This is our 6th and final post about things to do and eat in Hawaii. Kyle has been an amazing contributor to Jeffsetter over the past 6 weeks and I wanted to thank him for his great contributions. Please leave positive comments for Kyle if you also enjoyed his posts.
The Big Island isn’t exactly known for its dining the way Oahu & Maui are. Not to say there isn’t great food on the B.I., but you’ll have to be willing to travel for it. And It’s worth noting that what’s considered upscale dining on one side of the island, is quite different from the other side.
The Seaside Restaurant is the Hilo version of upscale/fine dining, save for the restaurant at the Volcano House within Hawaii Volcano National Park. The restaurant looks like it was converted from the house on the outside, and continues to look like that on the inside, including the glass over the table cover. Service is friendly, but rough around the edges.
Salads here are fresh, if unremarkable. The house sesame dressing is tasty, but honestly tastes like store bought dressing with some extra ingredients added to it. My wife had soup, which she said tasted exactly like canned soup.
Where this restaurant does it’s best, however, is with seafood. The wife ordered the above Seared Kona Kanpachi with a Lilikoi Butter Sauce.
I, for one, ordered a childhood favorite… crispy fried Aholehole (Hawaiian Flagtail). This was delicious, but at nearly $30, was very expensive. Being too full, we skipped dessert.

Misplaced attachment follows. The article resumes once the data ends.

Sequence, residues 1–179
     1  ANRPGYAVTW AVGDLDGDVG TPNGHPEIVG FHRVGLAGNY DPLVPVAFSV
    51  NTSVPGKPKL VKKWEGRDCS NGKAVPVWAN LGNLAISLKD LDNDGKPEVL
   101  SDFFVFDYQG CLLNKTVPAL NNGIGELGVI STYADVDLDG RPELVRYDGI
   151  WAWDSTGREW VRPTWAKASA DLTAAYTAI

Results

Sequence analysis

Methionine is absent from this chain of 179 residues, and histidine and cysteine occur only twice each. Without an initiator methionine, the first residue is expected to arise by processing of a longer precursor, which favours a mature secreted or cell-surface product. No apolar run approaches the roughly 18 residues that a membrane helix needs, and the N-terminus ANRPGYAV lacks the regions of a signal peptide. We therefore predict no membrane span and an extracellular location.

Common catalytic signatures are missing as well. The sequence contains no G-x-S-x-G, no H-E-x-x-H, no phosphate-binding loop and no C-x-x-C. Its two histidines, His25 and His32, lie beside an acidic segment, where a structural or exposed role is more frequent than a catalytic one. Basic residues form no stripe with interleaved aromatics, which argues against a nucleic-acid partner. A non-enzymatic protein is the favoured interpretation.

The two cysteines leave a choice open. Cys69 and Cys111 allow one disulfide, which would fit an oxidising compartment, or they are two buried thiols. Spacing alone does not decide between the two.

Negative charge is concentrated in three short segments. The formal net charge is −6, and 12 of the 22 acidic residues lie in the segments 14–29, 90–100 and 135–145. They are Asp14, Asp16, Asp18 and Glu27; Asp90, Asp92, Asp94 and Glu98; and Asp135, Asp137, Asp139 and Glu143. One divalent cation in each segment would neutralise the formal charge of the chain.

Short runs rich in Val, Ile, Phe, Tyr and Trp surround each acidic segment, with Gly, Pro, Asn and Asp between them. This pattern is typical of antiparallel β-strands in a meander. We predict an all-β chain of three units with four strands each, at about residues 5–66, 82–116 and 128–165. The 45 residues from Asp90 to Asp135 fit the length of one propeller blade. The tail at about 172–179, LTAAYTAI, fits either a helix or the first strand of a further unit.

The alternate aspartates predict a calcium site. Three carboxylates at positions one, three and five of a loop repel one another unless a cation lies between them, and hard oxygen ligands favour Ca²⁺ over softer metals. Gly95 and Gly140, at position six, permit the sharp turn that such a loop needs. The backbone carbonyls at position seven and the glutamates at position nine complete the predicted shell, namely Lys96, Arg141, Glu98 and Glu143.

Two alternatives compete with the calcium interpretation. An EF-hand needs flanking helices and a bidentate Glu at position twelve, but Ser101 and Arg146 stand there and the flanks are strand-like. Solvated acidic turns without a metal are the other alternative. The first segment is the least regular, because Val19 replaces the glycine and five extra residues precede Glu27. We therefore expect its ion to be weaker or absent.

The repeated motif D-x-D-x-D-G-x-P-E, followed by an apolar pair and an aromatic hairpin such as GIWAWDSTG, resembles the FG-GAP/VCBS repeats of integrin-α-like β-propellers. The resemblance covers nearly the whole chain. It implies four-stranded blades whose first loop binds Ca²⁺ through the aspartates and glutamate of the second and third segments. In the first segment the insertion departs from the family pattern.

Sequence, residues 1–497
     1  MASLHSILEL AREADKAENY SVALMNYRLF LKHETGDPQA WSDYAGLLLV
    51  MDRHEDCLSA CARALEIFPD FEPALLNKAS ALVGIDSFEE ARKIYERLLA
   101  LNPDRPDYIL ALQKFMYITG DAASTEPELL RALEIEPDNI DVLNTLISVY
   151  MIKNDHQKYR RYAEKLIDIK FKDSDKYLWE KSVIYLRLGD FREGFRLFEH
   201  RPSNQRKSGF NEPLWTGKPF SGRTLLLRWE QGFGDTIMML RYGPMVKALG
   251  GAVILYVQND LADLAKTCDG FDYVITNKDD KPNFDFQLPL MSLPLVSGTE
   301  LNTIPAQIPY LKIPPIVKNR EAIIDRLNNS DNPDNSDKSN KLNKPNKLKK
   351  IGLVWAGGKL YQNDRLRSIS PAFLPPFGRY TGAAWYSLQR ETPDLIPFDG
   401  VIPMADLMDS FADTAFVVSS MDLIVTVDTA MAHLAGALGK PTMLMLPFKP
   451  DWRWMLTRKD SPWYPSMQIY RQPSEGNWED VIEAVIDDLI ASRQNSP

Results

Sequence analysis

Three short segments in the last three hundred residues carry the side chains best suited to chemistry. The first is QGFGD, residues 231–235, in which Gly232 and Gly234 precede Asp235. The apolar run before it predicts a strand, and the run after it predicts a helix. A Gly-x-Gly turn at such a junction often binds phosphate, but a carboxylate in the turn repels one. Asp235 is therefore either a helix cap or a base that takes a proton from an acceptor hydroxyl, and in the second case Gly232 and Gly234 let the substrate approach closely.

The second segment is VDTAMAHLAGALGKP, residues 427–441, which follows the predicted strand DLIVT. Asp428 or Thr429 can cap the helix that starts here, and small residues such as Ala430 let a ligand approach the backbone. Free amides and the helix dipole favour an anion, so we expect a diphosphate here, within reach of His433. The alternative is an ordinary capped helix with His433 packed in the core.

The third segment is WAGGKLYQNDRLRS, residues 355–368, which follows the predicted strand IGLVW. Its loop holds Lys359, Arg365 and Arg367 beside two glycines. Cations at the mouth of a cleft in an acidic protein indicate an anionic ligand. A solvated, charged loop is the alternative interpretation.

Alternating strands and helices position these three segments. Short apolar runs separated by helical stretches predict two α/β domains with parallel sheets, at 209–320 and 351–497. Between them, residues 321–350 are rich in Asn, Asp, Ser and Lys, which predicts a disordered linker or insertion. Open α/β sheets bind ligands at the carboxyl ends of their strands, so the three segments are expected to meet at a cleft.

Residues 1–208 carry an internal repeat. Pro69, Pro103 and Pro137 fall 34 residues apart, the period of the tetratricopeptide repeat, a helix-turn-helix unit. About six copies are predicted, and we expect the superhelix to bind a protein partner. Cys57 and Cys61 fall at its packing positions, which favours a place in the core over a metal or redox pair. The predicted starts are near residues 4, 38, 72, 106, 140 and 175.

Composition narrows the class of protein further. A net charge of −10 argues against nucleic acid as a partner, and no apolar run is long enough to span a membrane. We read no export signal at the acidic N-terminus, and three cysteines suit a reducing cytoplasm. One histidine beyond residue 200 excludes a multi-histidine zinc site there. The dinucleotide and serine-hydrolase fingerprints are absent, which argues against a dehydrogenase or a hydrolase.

Ken’s House of Pancakes is probably the only 24 hour restaurant in Hilo, and one of the few on the entire island. They’re known for their breakfast foods, but they do serve regular lunch and dinner items. I haven’t been here in years, but generally it’s known for having average food in a convenient location not far from the airport. Locals that do go there often make this their first stop when arriving in Hilo. The few times I went there I ordered omelets with pancakes and doused them with coconut syrup.
Two Ladies Kitchen is a Big Island institution located in downtown Hilo. As the sign suggests, they make the Japanese confections mochi & manju here. Mochi, of course, is the pounded glutenous (sweet) rice cakes, while manju is a pastry/pie like shell that’s usually filled with sweetened azuki beans.
The variety of mochi they have here is insane and many are pretty nontraditional. What Two Ladies are best known for, however, are their strawberry mochi. It’s basically a large strawberry with a little sweetened azuki beans wrapped in mochi. Were items for them are the grape & poha berry mochis.
Unfortunately, the USDA prohibits the transportation of strawberries from Hawaii to the US mainland, so you won’t be able to bring this home. Besides, all of the mochi needs to be consumed within 3 days max.
My favorites? The strawberry of course! The lilikoi, butter, shiso, grape, and Okinawan sweet potato are other favorites. They’re open only Tues-Sat, 10am-5pm. There is no parking lot, so you’ll need to find street parking or park at the nearby park and walk over. This small, mom & pop shop is cash only.
The Rim is probably one of the only true white table cloth restaurants on the Hilo side of the island. Unfortunately you’ll need to pay the park admission fee to access the restaurant. I haven’t dined here before, but the menu does look reasonably interesting and the view looks pretty good too.
Cafe 100 is credited with creating the infamous Loco Moco (white rice, hamburger patty, gravy and an egg or two). It’s a hearty and much beloved local dish. While the loco moco is what they’re best known for, they do serve other items like fried chicken, sandwiches, breakfast plates, etc.